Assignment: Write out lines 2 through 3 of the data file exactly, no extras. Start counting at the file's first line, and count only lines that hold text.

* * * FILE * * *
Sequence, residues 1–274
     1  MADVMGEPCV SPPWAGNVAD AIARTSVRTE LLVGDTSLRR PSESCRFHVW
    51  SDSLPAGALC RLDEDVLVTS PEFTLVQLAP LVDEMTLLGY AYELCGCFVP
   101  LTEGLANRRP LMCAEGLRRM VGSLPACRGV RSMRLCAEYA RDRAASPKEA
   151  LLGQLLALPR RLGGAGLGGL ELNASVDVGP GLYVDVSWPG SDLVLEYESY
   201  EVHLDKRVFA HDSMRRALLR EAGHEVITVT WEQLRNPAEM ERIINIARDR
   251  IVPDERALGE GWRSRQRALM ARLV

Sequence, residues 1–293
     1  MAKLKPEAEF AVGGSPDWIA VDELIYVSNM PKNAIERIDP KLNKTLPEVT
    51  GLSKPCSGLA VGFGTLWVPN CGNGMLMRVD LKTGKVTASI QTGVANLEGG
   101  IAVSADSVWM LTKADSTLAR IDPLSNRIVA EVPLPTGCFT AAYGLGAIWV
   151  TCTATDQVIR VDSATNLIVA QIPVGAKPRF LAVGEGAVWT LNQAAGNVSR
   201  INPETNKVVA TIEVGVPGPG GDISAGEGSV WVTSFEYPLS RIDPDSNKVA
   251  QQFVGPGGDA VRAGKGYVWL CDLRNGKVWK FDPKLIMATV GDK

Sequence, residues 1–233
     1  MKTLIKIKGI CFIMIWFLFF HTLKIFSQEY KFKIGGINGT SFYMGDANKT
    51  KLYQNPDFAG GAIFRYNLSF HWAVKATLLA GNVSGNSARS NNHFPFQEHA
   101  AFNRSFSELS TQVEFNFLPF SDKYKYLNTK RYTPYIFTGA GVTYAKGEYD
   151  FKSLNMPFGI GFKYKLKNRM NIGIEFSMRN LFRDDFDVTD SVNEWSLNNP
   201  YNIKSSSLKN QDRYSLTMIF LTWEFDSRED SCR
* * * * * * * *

     1  MADVMGEPCV SPPWAGNVAD AIARTSVRTE LLVGDTSLRR PSESCRFHVW
    51  SDSLPAGALC RLDEDVLVTS PEFTLVQLAP LVDEMTLLGY AYELCGCFVP